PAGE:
To say that Italians know how to make pastries is like saying Van Cliburn could play the piano.  They are true virtuosos.  Cream filled horns, Pasticiotto, which is a miniature cream pie, Taralli, or crispy, round donut-shaped cookies, and God the Canolis!  We tried to make ourselves try some of their many different offerings, but once we had the cream-filled bombola, nothing else existed.  First, they know how to make a great bread: light and airy with just a bit of an exterior crunch, and very buttery.  Then they cram it full of the best vanilla cream filling I ever tasted.  It was rich, but I could never get my fill; I just wanted more and more.  I am not certain, but I believe the amount of cream inside the bombola far exceeded the volume of the bread.  Don’t know how they do it, but it seemed never-ending.  Great gobs of the cream squish out the sides of the light, airy bread, and your mouth, as you attempt to take just a small bite.  After one bombola, I was done for the morning.  Great food completely satisfies and satiates.  Those Saturdays became our little ritual and I thought all week about them.  I tried to be non-chalant with Steve about going to the bakery each Saturday.
Me: “So, you wanna’ go to the bakery this morning?”
Steve: “Oh, I don’t know.  What do you think?”
Me: “Well, I’ll go if you really want to.”
Steve: “Well, I don’t have to.”
Me: “Well, okay, maybe we should just skip...what, are you CRAZY?!  I’m starving for one of those pastries!  I gotta’ have one, I tell you!  Get up...GET UP!”
Steve just smirked at me while putting on his walking boots.
We would sit at one of the three tables inside the bakery, savoring the incredible flavors as the line of customers grew and grew.  Every bite was as surprisingly good as the very first bite I had had back in September.  Falling into a pattern of Saturday breakfast in the panificio was as easy as falling off a log. 
The passegiato I had a bit more trouble getting used to.  I mean, who walks in the U.S.?  If God wanted us to walk he wouldn’t have invented drive-thrus.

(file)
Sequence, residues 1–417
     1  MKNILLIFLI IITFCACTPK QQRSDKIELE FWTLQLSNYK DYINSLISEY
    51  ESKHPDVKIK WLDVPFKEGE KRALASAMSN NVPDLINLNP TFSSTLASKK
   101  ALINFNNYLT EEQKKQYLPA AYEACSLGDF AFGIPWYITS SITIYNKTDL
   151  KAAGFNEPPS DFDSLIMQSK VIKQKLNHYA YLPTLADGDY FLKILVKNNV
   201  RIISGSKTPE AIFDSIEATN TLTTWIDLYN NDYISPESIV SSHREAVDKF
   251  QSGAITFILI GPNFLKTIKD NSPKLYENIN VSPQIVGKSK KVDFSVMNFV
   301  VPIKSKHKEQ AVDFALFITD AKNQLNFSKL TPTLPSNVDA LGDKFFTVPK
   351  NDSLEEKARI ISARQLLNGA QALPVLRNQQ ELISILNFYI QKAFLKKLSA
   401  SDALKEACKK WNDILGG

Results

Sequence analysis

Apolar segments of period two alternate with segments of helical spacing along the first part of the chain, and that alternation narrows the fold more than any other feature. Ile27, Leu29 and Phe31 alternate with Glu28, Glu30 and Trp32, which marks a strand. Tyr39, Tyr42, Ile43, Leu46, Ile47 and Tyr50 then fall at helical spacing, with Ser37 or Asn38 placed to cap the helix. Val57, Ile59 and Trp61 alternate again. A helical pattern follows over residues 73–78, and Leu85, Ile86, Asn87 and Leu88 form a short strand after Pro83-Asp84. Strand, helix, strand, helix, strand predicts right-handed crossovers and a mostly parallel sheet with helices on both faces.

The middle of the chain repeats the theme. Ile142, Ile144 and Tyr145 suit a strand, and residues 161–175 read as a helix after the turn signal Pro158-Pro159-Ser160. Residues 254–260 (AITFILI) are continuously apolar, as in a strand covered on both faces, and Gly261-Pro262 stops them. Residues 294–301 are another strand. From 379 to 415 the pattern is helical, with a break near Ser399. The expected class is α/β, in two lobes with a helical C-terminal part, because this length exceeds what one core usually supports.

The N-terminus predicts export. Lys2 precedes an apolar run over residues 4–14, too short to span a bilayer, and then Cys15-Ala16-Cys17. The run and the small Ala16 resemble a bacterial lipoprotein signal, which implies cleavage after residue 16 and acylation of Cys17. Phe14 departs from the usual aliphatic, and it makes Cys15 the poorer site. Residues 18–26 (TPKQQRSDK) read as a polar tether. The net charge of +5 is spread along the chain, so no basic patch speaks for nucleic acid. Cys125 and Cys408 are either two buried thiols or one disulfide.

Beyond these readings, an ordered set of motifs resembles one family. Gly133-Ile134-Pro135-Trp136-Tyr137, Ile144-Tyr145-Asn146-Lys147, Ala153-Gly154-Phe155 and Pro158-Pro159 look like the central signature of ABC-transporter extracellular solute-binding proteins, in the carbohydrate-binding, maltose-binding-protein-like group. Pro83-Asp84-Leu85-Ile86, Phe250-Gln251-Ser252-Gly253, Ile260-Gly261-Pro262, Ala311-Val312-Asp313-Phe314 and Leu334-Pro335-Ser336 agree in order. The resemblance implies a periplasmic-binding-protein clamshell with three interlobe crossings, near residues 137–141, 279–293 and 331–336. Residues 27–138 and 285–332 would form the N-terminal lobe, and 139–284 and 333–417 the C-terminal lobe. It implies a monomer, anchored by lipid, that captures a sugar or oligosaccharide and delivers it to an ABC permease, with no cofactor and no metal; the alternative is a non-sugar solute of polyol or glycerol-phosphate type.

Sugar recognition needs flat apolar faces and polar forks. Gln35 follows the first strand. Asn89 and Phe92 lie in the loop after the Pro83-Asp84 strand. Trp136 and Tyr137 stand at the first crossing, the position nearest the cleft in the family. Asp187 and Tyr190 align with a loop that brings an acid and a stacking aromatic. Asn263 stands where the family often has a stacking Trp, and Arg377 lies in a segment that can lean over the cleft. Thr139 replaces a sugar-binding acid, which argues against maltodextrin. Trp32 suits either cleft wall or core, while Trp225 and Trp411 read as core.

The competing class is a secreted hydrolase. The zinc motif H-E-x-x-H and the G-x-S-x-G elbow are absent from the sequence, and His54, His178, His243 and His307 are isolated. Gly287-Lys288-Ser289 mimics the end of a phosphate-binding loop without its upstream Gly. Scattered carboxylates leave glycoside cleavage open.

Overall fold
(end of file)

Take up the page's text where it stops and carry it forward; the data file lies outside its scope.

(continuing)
But in Italy, in every town we visited, there was a passegiato walkway.  In Lucca it was on top of the city’s stone wall.  In Venice it runs along the Grand Canal.  All of Rome is one big passegiato.  And in Cingoli it stretches along the west side of town and snakes its way alongside the road leading to the many small towns east and south of Mount Cingulum.  The walk is lined with old oaks, with park benches set every 100 or so meters on the cobblestone walkway. 
We have walked the passegiato in the daytime and at night, and it is almost always in use by the locals.  By day women walk arm-in-arm, talking.  Mothers push baby strollers.  Runners pass by with a whizz. At night entire families stroll along the walk before heading to a local pizzeria for dinner.  We tried several times to add this little ritual to our daily routine, but we just couldn’t do it.  We figured that just walking up the hill to Cingoli was passegiato enough for us.  Besides, I get bored easily.  I had a better time walking down Via Coppo, through Torre, and beyond.  I made that walk four or five times each week.  But we did spend a good amount of time walking Cingoli’s passegiato.